Saturday, 28 November 2015

Confessions of a Polytheistic Christian

Are we, Christians included, somewhat polytheistic? That is, do we believe in more than one god? Probably not officially, but our actions sometimes seem to say otherwise. Now if you're still here and I haven't rattled you completely yet, causing you to think I've lost my mind or am treading ever closer to heresy, Rethinking Faith and Church welcomes back guest blogger Waldo Rochow to share a few thoughts on this subject.

Accepting the Wikipedia definition of theology as “the systematic and rational study of concepts of God and of the nature of religious ideas...” I’d like to discuss the concept of God with you. (Caveat: I am a layman with no seminary training at all. However, this is a message that was on my heart when I awoke today.) It seems to me that there are three distinct aspects of the God concept that are often confused when people use the word. Regardless if someone is an atheist, a monotheist, or a polytheist, these three aspects of the God concept are relevant.  There is God the Creator, God the Sustainer, and God the Judge.

God the Creator is a pretty easy one to wrap your head around. Was creation some fluke, or was it designed? People are usually pretty polar on this point.

God the Judge is also a pretty easy concept to discuss. You either believe that your actions/decisions while you live have consequences after you die, or you don’t. Again, people usually have a pretty well defined perspective on this which drives their morality.

God the Sustainer is one where most Christians (myself included) have the most trouble. Mike Warnke said “Whatever you turn to in your hour of need is your god.” He went on to describe what eventually led to my understanding of God the Sustainer. If you need coffee to face your day, then at that point, coffee is your god. If you can’t handle stress without cigarettes, then cigarettes have become your god. For some, shopping therapy shows that money is their god. Same applies to alcohol, drugs, sex, and many other sustainers. Even things that may otherwise seem quite positive, such as exercise, can be seen as a god if they are used as a coping mechanism.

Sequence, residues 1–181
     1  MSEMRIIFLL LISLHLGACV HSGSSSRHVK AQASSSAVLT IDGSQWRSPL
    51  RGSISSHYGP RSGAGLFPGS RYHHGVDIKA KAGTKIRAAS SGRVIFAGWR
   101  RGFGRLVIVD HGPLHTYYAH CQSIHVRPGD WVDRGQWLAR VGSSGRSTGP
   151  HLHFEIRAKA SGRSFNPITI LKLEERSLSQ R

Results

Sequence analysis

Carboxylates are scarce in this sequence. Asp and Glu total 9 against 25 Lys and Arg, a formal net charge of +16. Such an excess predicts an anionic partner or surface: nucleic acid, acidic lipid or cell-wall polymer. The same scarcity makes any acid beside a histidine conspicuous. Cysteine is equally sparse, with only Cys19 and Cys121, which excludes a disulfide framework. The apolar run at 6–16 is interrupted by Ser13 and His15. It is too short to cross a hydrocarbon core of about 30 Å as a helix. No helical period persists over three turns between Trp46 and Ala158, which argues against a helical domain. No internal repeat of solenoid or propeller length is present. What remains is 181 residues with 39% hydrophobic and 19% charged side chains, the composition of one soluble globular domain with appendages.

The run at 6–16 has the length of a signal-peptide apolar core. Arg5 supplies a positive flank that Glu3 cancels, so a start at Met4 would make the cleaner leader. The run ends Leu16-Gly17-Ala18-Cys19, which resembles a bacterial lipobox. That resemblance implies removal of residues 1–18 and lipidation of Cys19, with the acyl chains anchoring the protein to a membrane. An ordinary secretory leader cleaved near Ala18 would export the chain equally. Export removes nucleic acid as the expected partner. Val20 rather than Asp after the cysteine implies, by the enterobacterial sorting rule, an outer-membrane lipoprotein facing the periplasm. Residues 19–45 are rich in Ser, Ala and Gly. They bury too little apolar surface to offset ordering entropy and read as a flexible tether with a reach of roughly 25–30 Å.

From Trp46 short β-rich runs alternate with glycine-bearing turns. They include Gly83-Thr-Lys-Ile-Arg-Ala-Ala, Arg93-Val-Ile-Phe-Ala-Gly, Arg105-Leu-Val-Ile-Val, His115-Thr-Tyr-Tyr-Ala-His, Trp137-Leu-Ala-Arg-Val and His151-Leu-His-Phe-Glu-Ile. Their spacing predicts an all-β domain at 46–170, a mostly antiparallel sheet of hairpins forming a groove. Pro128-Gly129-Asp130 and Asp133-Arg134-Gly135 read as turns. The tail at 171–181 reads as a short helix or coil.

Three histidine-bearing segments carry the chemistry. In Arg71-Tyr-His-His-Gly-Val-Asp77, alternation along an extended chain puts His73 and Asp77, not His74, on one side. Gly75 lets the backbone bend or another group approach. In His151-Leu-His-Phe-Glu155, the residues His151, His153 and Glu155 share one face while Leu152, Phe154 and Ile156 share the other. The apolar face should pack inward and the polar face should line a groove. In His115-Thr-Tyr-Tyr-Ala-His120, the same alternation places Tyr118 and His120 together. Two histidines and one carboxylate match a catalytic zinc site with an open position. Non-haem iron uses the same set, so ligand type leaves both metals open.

Sadly, in my life I have had many gods. While always professing to be Christian, I have often abandoned the Father for a man-made god. Less so now. I am confident that I am making progress toward relegating these gods to the mere role of participant. But as I work through this journey in my own life it occurs to me that many people may not have considered theology from this perspective.
“You shall not bow down to them or worship them; for I, the LORD your God, am a jealous God, punishing the children for the sin of the parents to the third and fourth generation of those who hate me,” - Exodus 20:5 (NIV)
Do you struggle with an addiction? Perhaps the solution is to view it in the light of God the Sustainer. As long as you are praying to the Father for help, but actively surrendering to another god, why would God the Father intervene? I’m not suggesting that one must quit the addiction before God the Father will intervene. What I am suggesting is that one must acknowledge that this addiction is akin to worshiping another god, and humbly repent of it in one’s prayer for support. The same is true of financial struggles. I don’t subscribe to the prosperity doctrine, but worry over finances is the same as placing oneself in the position of God the Sustainer. How’s that working out for you?

I don’t think that God is satisfied with us only accepting His divine roles of Creator and Judge. He wants us to rely on Him as Sustainer as well. He wants to be our entire God, not just two thirds of it.

I am working towards a place where I can honestly say that I am entirely dependant on the grace of God. Not just God the Creator, because that’s the past. Not just God the Judge, because that’s the future. But also, God the Sustainer, because that’s the now.

May God bless you in your personal journey.

Photo Credit: Michelangelo: The Creation of Adam
Guest Blogger: Waldo Rochow

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